San Diego Zoo Visit
tourist things in our hometown.
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Covid had finally taken
its toll on our collective patience and boredom overtook us.
We saw a report in the local newspaper that a new baby giraffe had
been born at the zoo so we assessed the risk of checking it out in
person. We discovered some restrictions, particularly with
respect to reservations and ticketing, but the zoo was, in fact,
open. So, we renewed our yearly passes and headed out.
The day was coolish and somewhat overcast, but both combined to
make a pleasant visit.
All the photos below were taken with my Sony A7R4 camera and Sony
100-400mm zoom lens. All images were shot in uncompressed
RAW format (at about 120mb per image). Digital images were
developed with Capture One and reduced to 1200x800 pixels for
inclusion in this page.
The photos below are
what we saw.
We had intended on seeing the baby giraffe but got our
navigation confused and ended up going past the Hamadryas baboon
enclosure. That turned out to be a good thing in the end,
because they provided some interesting entertainment.
Above, a deep grooming session is in progress.
As we left the upper viewing area we went past the baboon's
perimeter trail. The cool day caused the troop to do laps
of the large enclosure. This large male, looking like he
was fresh out of the salon, was leading the group.
This older male was close behind. This is one ugly mo-fo
right out of my worst nightmare with plenty of battle scars and
a receding hairline.
This female baboon was back in the pack.
Another salon-fresh male. Note the intensity in his eyes.
Next to the baboon enclosure was another set of monkeys called
Gelada and eat mostly grasses. This fellow has a face that
only a mother could love and appears to have been enjoying
himself (look closely).
Several females in the same Gelada enclosure. These have
This is a white-fronted bee-eater ready to enjoy lunch.
The bee-eaters stun the bee and remove the stinger before
This fellow flew down right next to me and lit on the hand
rail. He was not scared, so I am suspected that he wanted
a handout. Having none, he just ignored me but did stay
long enough to pose for this photo.
This weaver bird was doing home improvement.
Another colorful bird in the enclosure.
A nice water lily bloom in one of the ponds.
One of several monkey species in the exhibit. I was
surprised that the camera would focus through the mesh webbing
that was between myself and the monkey.
Nearby we spotted this conspiracy of Ring-Tailed Lemurs.
Yes, a group of lemurs is called "a conspiracy". Notice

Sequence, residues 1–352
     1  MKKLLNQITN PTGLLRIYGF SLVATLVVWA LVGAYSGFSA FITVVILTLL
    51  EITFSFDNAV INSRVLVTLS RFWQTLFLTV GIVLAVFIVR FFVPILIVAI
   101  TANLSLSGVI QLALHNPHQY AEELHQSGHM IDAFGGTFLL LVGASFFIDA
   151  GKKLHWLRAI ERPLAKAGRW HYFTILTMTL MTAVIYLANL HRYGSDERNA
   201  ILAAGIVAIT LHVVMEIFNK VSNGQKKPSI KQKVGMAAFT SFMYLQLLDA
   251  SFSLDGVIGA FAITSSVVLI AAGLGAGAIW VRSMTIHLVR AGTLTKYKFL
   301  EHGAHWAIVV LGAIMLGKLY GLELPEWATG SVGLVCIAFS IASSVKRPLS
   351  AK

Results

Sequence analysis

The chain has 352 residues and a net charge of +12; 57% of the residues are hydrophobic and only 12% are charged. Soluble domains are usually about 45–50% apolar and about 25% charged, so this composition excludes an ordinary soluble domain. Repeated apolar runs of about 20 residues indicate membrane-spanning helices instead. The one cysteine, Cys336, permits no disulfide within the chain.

how they are sitting; they appear to be huddling for warmth.
We watched the conspiracy move the location of their huddle from
the grass to a flat rock. One lemur left the first huddle
and the others followed within a few seconds.
In the next enclosure we spotted this pygmy crocodile.
We reached the bottom of the canyon and headed back up to the
mesa and passed this Andean Bear.
This North American Grizzly Bear was napping. Check out
I felt bad for this leopard: he was just pacing back and forth
along the fence line wearing a rut in the ground.
This is a Russian leopard and he, too, was pacing the perimeter
of his enclosure.
A vicious growl? No, a wide yawn. This fellow was
sacked out in his hammock fabricated out of woven fire hoses.
His cell-mate was sleeping with his tongue out.
When we hit the top of the canyon, we headed over to see the
giraffes and passed this animal equivalent of M-1 tank.
The rhino liked being stroked by the keeper but note the size of
the steel cables that are part of the enclosure. I doubt
that you would want to see him upset in the wild.
There were a number of giraffes in the enclosure, but no baby
was visible. Instead we got this fellow who was a mile
Completing that loop we passed a napping cheetah.
In the next enclosure was another pair of cheetahs, this one was
napping with his tongue out. What's up with that?
The other cheetah in that enclosure was basking in the somewhat
Meanwhile, in the koala enclosure it was feeding time.
When the keeper opened the door to the enclosure, this fellow
came right down. He knew that keeper meant dinner was
served. In addition to the natural diet, they are given
some kind of supplements served via syringe. She brought the
gruel in a paper cup and had to suck it into the syringe.
It was feeding time in the bird enclosure as well. This
kookaburra caught a small, snack-sized mouse.
I spotted this peacock running loose on the sidewalk near the
The expansive San Diego
zoo was more than our endurance would allow for a single
visit. Happily, we have a yearly pass and it is close to our
home, so we usually do it in parts. We'll return soon and
take another bite.
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